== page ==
FIG. 1 is a functional block diagram illustrating the participants to a remote viewing session;

FIG. 2 is a functional block diagram of an example remote viewing service according to an embodiment of the invention;

FIG. 3 is a timeline showing the receipt of updates and commands by a remote viewing service;

FIG. 4 is a timeline showing the receipt of updates and commands by a remote viewing service, and illustrating an example of how later received commands may render earlier commands prunable relative to a particular target end of update marker;

FIG. 5 is a functional block diagram of an update queue illustrating the example shown in FIG. 4, and including both a functional block diagram of the queue itself and a logical view of which commands will be transmitted depending on the selected target end of update marker according to an embodiment of the invention;

FIG. 6 is a flow chart illustrating a process of adding commands to a queue according to an embodiment of the invention; and

FIG. 7 is a flow chart illustrating a process of transmitting commands from the queue according to an embodiment of the invention.

DETAILED DESCRIPTION

The following detailed description sets forth numerous specific details to provide a thorough understanding of one or more embodiments of the invention. However, those skilled in the art will appreciate that the invention may be practiced without these specific details. In other instances, well-known methods, procedures, components, protocols, algorithms, and circuits have not been described in detail so as not to obscure the invention.

U.S. patent application Ser. No. 11/355,740, filed Feb. 16, 2006, entitled Method And Apparatus For The Transmission Of Changed Presenter Display Information, contains a detailed description of several aspects of a system that may be used in connection with an embodiment of the invention. The detailed description of that system is hereby incorporated herein by reference. Other embodiments of the invention may be used with other systems where a queue of information is maintained to be transmitted to a viewer, and where later received parcels of information may obsolete earlier received parcels of information. Accordingly, although an embodiment will be described that is configured to work with the system described in U.S. patent application Ser. No. 11/355,740, the invention is not limited to use with that particular system.

FIG. 1 shows an example network in which a remote viewing service 32 is provided to implement sessions between a presenter 34 and viewer 36. As shown in FIG. 1, the remote viewing service 32 maintains an update queue 38 containing commands received from the presenter that are to be transmitted to viewers. Maintaining an update queue allows the remote viewing service 32 to transmit updates to viewers as requested by the viewers so that different viewers may receive updates at different times.

Where multiple sessions are being handled by the remote viewing service 32 for different presenters and sets of viewers, the remote viewing service 32 may implement a separate queue for each session. For simplicity the following explanation will focus on how the remote viewing service may implement a session between a presenter and a set of viewers. This process may be replicated to allow the remote viewing service to implement many such sessions for different sets of presenters/viewers simultaneously.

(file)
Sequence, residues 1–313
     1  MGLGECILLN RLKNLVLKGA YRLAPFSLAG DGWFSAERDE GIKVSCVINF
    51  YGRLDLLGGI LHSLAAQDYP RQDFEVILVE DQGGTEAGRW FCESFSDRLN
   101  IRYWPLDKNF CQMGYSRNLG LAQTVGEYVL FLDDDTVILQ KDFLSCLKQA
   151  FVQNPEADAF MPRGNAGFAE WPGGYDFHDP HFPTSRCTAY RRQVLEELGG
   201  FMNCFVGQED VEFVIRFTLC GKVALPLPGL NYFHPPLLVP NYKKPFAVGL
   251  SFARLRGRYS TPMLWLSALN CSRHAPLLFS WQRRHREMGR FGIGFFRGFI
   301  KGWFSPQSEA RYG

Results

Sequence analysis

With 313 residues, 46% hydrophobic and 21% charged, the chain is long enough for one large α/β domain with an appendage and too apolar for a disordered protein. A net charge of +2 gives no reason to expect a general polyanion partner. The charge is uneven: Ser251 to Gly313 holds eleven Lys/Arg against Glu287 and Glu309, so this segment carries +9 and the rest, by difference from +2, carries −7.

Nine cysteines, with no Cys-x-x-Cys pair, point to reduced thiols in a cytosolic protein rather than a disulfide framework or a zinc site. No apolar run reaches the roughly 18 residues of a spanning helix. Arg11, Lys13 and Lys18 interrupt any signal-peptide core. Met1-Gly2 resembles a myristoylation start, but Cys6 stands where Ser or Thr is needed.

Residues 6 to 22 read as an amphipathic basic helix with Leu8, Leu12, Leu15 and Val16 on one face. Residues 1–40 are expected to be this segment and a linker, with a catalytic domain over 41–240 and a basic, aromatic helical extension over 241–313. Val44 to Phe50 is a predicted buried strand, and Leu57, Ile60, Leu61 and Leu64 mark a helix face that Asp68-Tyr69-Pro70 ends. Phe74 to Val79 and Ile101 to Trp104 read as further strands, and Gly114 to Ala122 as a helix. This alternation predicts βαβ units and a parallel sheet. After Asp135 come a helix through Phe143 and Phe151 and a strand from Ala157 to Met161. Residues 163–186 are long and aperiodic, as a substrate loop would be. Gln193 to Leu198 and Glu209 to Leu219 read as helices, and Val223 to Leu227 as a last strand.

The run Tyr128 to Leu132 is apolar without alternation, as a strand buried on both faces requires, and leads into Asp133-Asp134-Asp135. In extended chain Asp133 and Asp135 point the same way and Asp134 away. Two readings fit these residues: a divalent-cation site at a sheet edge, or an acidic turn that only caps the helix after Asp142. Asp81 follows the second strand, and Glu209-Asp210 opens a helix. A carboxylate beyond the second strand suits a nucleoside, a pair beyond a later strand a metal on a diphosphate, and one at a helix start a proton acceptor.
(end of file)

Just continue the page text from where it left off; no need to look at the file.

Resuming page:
FIG. 2 is a functional block diagram of an example remote viewing service according to an embodiment of the invention. As shown in FIG. 2, the remote viewing service 32 may be implemented on a server having one or more processors 40 containing logic that will enable the processor to presenter one or more RVS processes 42. Data and instructions for the RVS processes may be stored in memory 44 as RVS software 46. The RVS software 46 (and process 42) enables the remote viewing service to implement one or more update queues 34 that will allow commands received from a presenter to be selectively transmitted to viewers. The RVS 32 may handle multiple sessions for different sets of presenters/viewers, as noted above, each with its own update queue.

In the following description it will be assumed that the presenter is generating presenter updates to be transmitted to the viewers. Presenter updates may be generated by comparing a new version of the information 12 displayed on the presenter display 14 with an earlier version of the information 12, and then transmitting commands that describe the changes to the service 32 or to the viewers 36. Where a service 32 is involved, the service 32 may store the commands in a queue 38 for subsequent transmission to the viewers.

In one embodiment, the presenter will compare sequential versions of the presenter display information 12 so that a set of commands describe the changes that have occurred to the presenter display information during a particular interval of time. Thus, if a viewer has received information to recreate the presenter's display information at an earlier point in time, a presenter update will allow the viewer to create that presenter's display information at the later point in time. Update commands may be paint commands, which contain pixel data for a particular area of the screen, copy commands which contain instructions to move a previous area of the screen to a new area, scale commands that instruct a portion of the previous screen to be changed to a new size, pointer commands that describe the coordinates of the pointer and optionally how the pointer should be moved to reach the new coordinates, and many other types of commands.